Beautiful tropical fish guide - how to keep, breed freshwater fish in aquarium - planted tank - keeping fish in community tank. Choosing fish and aquatic plants for aquascape.
Baby guppies are a great project for anyone that loves keeping fish especially if your new to it. Keeping and caring for baby is pretty simple but you have to keep a few things in mind; like where are you going to keep them when their born, will they stay in the main community fish tank or will you put them into a separate tank?
If your going to keep them in that main fish tank there are a few things that you need to do to help your new baby guppies survive, you need to make sure there are plenty of places for the babies to hide in, things like rocks, caves and plenty of aquarium plants like java moss. Another thing that you can do to help is if you notice the expecting female hiding and acting strange, this could mean she is ready to give birth to her babies and you should put some food in the tank to keep the other fish occupied and turn off the lights to keep her stress levels down and protect the babies a little more.
If you are going the other route with your baby guppies and going to keep them in a separate fish tank then the main problem with this is getting the female before she gives birth otherwise you will have to try and catch the babies with a net once they are born, sure this is can be a pain but over all the survival rate tends to be higher than just in the main tank.
Both way have pros and cons and there isn’t a perfect way, it all depends on your own needs and space. Keeping more than one fish tank is a lot more work which some people are happy to do (like me!). You may need an a good aquarium filter for less maintenance.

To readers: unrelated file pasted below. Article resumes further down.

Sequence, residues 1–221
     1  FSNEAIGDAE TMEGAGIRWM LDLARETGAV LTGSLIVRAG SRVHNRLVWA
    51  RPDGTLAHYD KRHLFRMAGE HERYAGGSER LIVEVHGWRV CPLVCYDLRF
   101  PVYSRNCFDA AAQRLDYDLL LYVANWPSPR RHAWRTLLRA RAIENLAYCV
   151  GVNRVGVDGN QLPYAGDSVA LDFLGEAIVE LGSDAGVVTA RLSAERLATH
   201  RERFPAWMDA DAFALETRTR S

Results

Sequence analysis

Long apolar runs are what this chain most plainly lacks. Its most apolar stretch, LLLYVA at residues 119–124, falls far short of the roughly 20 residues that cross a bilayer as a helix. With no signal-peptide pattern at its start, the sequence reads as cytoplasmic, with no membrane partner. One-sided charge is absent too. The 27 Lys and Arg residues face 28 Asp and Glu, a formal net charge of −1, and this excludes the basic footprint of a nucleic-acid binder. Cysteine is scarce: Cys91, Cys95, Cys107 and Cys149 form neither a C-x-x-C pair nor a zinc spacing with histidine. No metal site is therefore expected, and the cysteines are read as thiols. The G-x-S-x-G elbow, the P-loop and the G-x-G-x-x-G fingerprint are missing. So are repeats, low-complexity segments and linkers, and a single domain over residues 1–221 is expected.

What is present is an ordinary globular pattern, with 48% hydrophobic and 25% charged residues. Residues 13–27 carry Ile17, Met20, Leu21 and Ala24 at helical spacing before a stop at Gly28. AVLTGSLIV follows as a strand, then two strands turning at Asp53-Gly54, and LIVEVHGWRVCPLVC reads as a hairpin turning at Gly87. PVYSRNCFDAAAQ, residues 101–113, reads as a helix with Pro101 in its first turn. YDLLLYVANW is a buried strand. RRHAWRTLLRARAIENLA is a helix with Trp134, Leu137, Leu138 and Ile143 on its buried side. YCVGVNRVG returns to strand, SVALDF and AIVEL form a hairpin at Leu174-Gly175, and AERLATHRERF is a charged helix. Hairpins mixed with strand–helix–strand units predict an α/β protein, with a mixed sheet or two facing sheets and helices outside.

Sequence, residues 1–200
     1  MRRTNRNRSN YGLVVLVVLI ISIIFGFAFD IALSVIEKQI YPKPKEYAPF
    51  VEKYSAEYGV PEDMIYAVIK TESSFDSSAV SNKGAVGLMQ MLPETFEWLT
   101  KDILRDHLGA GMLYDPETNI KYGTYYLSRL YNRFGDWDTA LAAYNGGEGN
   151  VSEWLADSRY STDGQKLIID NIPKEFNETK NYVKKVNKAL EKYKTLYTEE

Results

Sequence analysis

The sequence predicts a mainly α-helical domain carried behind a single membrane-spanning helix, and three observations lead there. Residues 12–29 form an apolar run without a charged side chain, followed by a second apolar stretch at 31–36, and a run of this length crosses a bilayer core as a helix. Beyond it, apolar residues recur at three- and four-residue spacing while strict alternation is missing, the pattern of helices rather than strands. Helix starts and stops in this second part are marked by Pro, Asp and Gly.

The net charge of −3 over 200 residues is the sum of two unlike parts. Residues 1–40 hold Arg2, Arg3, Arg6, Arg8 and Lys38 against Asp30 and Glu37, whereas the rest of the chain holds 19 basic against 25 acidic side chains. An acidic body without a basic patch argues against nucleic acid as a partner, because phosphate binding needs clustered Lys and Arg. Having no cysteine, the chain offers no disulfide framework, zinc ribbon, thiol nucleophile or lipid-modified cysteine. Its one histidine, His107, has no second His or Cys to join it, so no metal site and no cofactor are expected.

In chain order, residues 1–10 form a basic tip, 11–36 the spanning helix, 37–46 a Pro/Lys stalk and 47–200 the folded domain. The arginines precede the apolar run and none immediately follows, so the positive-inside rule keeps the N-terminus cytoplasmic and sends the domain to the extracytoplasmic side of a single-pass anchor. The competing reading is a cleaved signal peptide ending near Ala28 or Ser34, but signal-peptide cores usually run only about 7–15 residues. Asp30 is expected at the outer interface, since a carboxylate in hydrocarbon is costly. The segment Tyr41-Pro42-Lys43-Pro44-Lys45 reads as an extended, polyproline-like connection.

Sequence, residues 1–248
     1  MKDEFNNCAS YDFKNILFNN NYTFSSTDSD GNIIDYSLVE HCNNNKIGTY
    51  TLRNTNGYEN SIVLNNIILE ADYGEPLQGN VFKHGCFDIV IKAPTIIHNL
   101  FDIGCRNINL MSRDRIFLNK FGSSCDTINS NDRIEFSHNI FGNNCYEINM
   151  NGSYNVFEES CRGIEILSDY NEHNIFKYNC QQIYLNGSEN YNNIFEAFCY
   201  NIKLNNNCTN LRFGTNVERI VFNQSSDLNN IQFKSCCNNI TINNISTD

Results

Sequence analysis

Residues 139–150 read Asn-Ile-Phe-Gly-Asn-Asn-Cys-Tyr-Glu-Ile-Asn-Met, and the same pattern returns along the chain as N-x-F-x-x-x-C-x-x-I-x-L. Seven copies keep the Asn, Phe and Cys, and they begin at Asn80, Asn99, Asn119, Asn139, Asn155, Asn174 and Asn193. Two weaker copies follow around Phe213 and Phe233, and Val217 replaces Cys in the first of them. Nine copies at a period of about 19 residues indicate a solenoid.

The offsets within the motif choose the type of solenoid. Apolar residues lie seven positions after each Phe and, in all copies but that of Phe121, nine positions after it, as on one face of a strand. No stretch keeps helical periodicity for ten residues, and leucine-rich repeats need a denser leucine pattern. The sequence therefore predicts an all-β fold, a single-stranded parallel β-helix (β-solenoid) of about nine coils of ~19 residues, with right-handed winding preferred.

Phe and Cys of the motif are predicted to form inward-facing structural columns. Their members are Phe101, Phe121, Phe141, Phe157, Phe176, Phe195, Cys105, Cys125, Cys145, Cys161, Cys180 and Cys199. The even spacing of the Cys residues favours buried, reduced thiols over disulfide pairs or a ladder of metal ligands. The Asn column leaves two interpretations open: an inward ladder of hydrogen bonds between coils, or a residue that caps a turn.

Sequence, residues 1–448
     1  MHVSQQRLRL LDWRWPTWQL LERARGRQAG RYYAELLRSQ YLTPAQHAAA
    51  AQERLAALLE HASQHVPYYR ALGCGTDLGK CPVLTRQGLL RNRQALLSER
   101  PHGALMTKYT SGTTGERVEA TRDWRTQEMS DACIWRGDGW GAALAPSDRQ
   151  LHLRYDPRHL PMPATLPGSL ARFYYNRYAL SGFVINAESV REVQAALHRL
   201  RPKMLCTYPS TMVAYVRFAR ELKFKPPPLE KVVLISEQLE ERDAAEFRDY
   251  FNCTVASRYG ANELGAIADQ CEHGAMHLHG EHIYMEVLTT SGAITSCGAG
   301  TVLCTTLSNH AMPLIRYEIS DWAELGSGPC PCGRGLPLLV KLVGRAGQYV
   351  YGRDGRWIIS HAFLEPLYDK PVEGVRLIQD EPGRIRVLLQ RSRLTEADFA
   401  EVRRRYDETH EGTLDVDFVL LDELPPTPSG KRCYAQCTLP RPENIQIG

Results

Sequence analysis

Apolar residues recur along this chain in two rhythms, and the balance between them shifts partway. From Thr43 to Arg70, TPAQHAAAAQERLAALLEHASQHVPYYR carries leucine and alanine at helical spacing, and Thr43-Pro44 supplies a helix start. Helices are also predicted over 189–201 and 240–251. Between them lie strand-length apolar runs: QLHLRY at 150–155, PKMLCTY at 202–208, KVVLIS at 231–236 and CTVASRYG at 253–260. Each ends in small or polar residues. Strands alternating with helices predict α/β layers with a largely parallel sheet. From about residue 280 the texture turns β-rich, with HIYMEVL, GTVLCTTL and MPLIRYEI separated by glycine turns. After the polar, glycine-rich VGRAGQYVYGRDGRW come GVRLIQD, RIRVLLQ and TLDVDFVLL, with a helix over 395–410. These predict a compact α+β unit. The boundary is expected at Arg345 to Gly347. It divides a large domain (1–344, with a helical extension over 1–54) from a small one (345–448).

Feeding is the other big thing that needs to be kept in mind when it comes to raising healthy baby guppies, things such as what you feed them and how often can really affect how quick or slow they grow. Live micro freshwater aquarium fish foods are the best for all baby fish especially baby guppies, foods such as infusoria, microworms, baby brine shrimp and daphnia. There are also some very good, highly nutritional powdered foods that guppies love. The main think that should be remembered when it comes to feeding your baby guppies is little and often and make sure you remove all uneaten food before it starts to rot and pollute the water.
Which of the common livebearers, guppies, mollies, platies, or swordtails, are the hardiest? Can they coexist in a 30 gallon aquarium tank?
First, I need to emphasize that there are different wild species of each of these groups and hybridization among the livebearers is rampant. Thus, any answer to your question would be a sweeping generalization at best.
That said, I would probably choose platies as the hardiest of the bunch with swordtails coming in a close second. Modern fancy guppy strains seem to be particularly fragile. Mollies can be very hardy when their requirements are met, but they seem to be less adaptable than platies and swordtails when it comes to water parameters. All of these livebearers prefer hard, basic water, but these conditions are pretty much non-negotiable for mollies. In fact, mollies tend to do best when kept in brackish conditions in aquariums.
Combining all four types together in the same 30 gallon aquarium may create some problems. For example, mollies can be major bullies and could make life miserable for the smaller, more peaceful platies and guppies. Male swordtails can be pretty obnoxious in this regard too. Not all livebearers are on the same page when it comes to water temperature either. Platies, for instance, prefer a temperature somewhere in the range of the low- to mid-70s Fahrenheit, while mollies like it warmer, between the upper- 70s and low-80s. The bottom line is, it won’t be easy to provide conditions that make everybody happy.